All the patients were hospitalized and were aggressively managed for Fournier's gangrene. Large bore intravenous cannulae and Foley catheter was passed at presentation among all patients. Aggressive resuscitation was done to restore fluid and electrolyte balance. Blood transfusions were done where indicated. Broad spectrum antibiotics (i.e. triple therapy with third generation cephalosporins, metronidazole and penicillin) were started empirically. Diabetes mellitus and any other underlying co-morbid condition was treated as per standard protocols.
Urgent serial radical excisions of the dead tissues were performed followed by application of vacuum assisted closure (VAC) dressings which were changed every third day and continued for 2-3 weeks. Once the wounds had a quantitative bacterial count of <105 organisms per gram of tissue, definitive reconstruction with split thickness skin grafts (STSG) or flaps was undertaken. The patients were discharged home upon complete recovery with further regular follow up for three months.
The socio-demographic profile of the patients, anatomic site of involvement and any underlying co-morbidities were recorded. For the purpose of the study, the economic status of the patients was categorized as poor (if the average monthly income of the family was Rs.15,000 to Rs. 50,000) and good if it was >Rs. 50,000. The outcome measures recorded were the LRINEC score at presentation (i.e. the laboratory risk indicator for necrotizing fasciitis), survival versus in-hospital mortality, hospital stay and the frequency of the various excisional and subsequent reconstructive procedures instituted. A proforma was employed for data collection.
Figures 1 through 4(c) show the representative pictures of some of the patients included in this case series. SPSS (Statistical package for social sciences) version 17 was employed for analyzing the data. Descriptive statistics were calculated for study variables.
A total of 39 patients were included in the study. Out of these, 89.74% (n=35) were males while 10.25% (n=4) were females. The patients ranged in age from 17 years to 63 years with a mean age 46.20 +-13.32 years. The condition was significantly more frequent among patients with age over 40 years (74.35%; n=29) than those with less than 40 years age (25.64%; n=15) (p value 8 in 58.97% patients (n=23), 8 in 28.20% patients (n=11), 7 in 7.69% patients (n=3) and 6 in 5.12% patients (n=2). The length of hospital stay ranged from 7 days to 63 days with a mean of 33.46 +-13.79 days.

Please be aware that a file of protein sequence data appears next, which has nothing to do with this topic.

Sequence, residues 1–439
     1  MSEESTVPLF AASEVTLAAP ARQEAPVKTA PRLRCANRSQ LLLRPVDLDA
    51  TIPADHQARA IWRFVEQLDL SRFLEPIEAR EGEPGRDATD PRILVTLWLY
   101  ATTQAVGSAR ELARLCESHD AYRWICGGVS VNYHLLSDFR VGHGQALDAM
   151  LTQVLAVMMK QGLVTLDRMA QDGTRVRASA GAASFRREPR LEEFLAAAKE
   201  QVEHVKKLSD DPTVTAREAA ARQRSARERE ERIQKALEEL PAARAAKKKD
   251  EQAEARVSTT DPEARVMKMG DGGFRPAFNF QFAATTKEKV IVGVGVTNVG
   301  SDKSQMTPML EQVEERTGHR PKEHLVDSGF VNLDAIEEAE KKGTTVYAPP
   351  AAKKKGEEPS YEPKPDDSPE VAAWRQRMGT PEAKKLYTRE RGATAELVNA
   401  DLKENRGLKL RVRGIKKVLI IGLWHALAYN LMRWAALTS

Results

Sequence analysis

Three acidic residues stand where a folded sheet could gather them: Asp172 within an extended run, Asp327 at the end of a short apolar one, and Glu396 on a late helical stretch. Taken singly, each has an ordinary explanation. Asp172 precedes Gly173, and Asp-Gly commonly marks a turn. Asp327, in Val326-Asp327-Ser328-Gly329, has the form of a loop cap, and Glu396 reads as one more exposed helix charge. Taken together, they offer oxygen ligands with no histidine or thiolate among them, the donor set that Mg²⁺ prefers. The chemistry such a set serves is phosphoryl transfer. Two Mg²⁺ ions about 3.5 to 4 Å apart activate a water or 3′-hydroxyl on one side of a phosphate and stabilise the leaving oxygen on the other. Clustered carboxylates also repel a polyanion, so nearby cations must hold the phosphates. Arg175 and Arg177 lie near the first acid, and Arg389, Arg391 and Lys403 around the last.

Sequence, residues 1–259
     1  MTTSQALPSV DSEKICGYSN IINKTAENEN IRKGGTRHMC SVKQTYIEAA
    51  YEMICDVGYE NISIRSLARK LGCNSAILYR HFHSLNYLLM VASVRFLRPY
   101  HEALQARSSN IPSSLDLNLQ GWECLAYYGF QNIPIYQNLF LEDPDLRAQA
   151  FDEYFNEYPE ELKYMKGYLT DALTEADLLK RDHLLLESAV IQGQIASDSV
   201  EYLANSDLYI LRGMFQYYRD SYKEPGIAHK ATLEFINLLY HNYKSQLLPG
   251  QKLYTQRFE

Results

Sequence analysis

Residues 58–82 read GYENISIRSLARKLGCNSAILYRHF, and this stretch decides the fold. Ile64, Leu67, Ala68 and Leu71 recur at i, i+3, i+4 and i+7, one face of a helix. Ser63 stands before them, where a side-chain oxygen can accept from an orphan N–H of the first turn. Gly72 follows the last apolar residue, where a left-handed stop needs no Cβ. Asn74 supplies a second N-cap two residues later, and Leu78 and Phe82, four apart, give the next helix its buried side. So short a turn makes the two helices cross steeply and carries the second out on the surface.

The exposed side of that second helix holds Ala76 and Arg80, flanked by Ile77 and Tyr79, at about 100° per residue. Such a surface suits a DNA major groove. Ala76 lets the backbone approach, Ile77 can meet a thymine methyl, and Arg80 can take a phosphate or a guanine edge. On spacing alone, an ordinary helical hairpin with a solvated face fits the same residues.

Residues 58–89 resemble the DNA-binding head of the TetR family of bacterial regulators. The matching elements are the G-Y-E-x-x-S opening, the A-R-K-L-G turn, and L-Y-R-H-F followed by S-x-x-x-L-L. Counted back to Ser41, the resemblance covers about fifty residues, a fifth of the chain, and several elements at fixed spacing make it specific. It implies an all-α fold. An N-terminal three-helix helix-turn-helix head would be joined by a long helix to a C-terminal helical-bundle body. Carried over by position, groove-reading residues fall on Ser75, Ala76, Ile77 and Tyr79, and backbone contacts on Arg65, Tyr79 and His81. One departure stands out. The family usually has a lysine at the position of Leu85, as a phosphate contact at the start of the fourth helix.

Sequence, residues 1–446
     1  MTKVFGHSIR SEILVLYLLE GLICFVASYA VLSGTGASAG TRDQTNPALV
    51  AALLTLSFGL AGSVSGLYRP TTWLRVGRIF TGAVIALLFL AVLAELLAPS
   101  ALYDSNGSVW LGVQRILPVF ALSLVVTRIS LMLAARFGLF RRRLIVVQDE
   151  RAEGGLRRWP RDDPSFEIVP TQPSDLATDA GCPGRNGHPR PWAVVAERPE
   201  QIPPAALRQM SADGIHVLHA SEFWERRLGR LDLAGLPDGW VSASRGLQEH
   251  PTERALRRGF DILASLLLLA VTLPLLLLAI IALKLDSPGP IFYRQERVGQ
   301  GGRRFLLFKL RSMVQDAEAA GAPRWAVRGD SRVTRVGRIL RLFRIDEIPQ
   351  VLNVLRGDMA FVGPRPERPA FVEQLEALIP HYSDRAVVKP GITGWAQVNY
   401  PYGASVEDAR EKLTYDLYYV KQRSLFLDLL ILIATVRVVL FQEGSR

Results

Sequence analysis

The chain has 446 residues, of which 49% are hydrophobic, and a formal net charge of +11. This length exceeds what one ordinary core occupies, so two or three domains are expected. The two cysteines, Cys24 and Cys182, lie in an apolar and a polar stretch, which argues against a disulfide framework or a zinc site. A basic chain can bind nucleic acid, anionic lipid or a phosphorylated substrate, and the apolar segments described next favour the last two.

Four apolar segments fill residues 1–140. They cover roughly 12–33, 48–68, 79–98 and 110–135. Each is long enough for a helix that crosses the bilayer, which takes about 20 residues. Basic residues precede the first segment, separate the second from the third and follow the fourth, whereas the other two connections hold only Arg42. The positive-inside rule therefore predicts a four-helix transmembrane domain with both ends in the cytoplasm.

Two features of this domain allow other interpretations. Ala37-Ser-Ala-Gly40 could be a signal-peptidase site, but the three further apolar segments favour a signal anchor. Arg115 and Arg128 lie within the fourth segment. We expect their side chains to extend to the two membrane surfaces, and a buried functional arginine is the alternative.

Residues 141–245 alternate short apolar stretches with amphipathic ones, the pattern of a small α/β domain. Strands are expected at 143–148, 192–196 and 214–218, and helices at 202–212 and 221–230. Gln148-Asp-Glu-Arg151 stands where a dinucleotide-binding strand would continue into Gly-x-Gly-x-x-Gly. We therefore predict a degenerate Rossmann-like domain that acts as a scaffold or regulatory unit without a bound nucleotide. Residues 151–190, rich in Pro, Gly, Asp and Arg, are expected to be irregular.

The various interventional procedures undertaken included serial radical debridements among all patients (n=39; 100%), followed by meshed split thickness skin grafts (n=19; 48.71%), direct closure of scrotal defects (n=9; 23.07%) and various flaps for reconstructing large defects (n=4; 10.25%). There were seven mortalities in this case series, constituting an overall mortality rate of 17.94%.
Table 1: The laboratory risk indicator for necrotizing fasciitis (LRINEC) score
C-Reactive Protein, mg/L
###[greater than or equal to]150###4
Total White Cell Count, mm3
###[greater than or equal to]135###0
Fournier's gangrene is a sinister infection that predominantly inflicts our adult male population particularly those aged over 40 years. More frequent involvement of adult males has also been reported by most of the published literature1-3.
In our series, majority of the patients presented acutely with various toxic signs and symptoms. Among these included high grade fever, prostration, painful swelling of the scrotal area, skin erythema and various perineal wounds.
In our study we employed the LRINEC score as a diagnostic tool and found it very useful. We found that a score of 8 or more is diagnostic of the condition while a score of 6 should prompt a strong suspicion of it. Our observations conform to most of the published literature11-13.
Majority of our patients had underlying malnutrition and belonged to the poor socioeconomic segment of the population. The peer reviewed literature on Fournier's gangrene has outlined a variety of predisposing factors. For instance immune-compromise, diabetes mellitus, severe malnutrition, alcohol addiction, extremes of age, underlying malignancy, steroid therapy and HIV/AIDS infection. In fact any condition with impaired immunity may predispose to the development of Fournier gangrene. In the West, the emergence of HIV-AIDS into epidemic proportions has exposed a huge population at risk for developing Fournier's gangrene1-3,5,7.